I was recently contacted by the Mesothelioma & Asbestos Awareness Center and asked if I would post an article about the dangers of our dependence on fossil fuels. My answer - of course - and it is posted below. We must move away from our dependence on so many toxic materials. It is literally killing our environment and ourselves. An interesting, personal perspective on this issue was featured on the TV show 30 days, where host Morgan Spurlock explores what it is like to be a coal miner. (Working in a Coal Mine was the title of the episode and you can view at the link provided.) I am hopeful, based on the White House Agenda on Energy and the Environment, that we are on the right path, but we must be diligent about supporting this change - our lives depend upon it!
By James O’Shea; Content Manager, Mesothelioma & Asbestos Awareness Center
January 22, 2009
Often when considering the environmental hazards presented by destructive human behavior, we fail to see further than the direct effects on our planet. However, if we look further, we can see that our behaviors are affecting not only the earth we live on but also the general human health. There are essentially two tiers to the damage posed by destructive environmental actions. Let’s examine each of them for a better understanding of this hazard.
The first effect is the direct human health costs associated with the burning of fossil fuels and the release of chlorofluorocarbons (associated with atmospheric ozone depletion) in the atmosphere. Asthma rates in areas with high smog indices (associated with fossil fuel pollution) are near double that in smog neutral areas. In South Africa and Australia, where the ozone is among the most depleted on the planet, skin cancer rates are astronomically high, as UV rays breaking our atmosphere are much more intense. These are the very real and direct impact of destructive environmental behavior.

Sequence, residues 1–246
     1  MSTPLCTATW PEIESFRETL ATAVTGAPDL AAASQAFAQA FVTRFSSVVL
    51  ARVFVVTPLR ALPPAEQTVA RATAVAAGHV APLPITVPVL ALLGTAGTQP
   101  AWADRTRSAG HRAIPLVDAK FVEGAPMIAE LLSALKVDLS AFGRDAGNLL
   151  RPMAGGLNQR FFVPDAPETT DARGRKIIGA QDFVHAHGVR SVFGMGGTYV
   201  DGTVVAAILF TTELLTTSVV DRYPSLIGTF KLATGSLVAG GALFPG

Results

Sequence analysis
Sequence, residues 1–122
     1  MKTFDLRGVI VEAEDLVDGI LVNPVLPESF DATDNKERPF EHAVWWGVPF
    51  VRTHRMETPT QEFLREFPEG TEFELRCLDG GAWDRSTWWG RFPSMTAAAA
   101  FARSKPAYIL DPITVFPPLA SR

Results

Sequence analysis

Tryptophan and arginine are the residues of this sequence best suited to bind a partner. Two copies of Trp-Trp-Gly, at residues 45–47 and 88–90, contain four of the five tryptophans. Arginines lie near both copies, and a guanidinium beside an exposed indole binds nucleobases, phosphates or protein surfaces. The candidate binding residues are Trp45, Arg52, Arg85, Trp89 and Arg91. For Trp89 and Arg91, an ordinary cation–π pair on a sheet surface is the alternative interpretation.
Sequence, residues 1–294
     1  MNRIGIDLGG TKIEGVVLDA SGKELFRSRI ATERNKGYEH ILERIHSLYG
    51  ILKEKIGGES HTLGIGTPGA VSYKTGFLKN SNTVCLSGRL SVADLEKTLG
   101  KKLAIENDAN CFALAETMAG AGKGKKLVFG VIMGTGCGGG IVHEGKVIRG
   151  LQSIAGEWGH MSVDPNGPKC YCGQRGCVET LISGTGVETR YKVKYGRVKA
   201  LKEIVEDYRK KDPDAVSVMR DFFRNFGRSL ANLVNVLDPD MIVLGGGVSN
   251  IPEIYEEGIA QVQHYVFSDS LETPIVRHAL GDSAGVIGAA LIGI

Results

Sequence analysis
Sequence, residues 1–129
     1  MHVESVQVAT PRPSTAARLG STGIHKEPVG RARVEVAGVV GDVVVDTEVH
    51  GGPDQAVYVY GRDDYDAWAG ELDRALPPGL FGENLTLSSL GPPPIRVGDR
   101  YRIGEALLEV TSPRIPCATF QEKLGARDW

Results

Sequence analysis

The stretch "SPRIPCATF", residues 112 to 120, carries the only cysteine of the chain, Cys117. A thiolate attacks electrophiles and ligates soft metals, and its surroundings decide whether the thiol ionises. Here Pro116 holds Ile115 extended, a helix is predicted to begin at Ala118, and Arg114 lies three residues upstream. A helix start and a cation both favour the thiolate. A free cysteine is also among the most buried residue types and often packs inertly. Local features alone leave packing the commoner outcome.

The second tier that I wish to bring attention to is the working conditions in the processing of fossil fuels, which pose some of the greatest occupational hazards of any jobsite. Oil refineries and coal plants are laden with older asbestos fixtures, which has been directly linked to the deadly asbestos cancer, mesothelioma. Even as asbestos was banned in the late 1970s, older asbestos fixtures (which are much more hazardous) still permeate this industry. When asbestos fibers are inhaled, they lodge in the pleural lining of the lungs, which lays the groundwork for mesothelioma and other respiratory complications later down the road. Harmful asbestos exposures are only hazard in these industries however. Countless other industrial hazards such as benzene, which has been classified as a carcinogen, also have been clearly linked to the processing of fossil fuels.
We can see now that the effects of destructive environmental hazards go well beyond the direct impact on the planet. We are beginning to see now that these behaviors may ultimately cost lives if we don’t change our ways. Through change, we will preserve the planet for our children and the lives of its inhabitants today.
For more information: Mesothelioma & Asbestos Awareness Center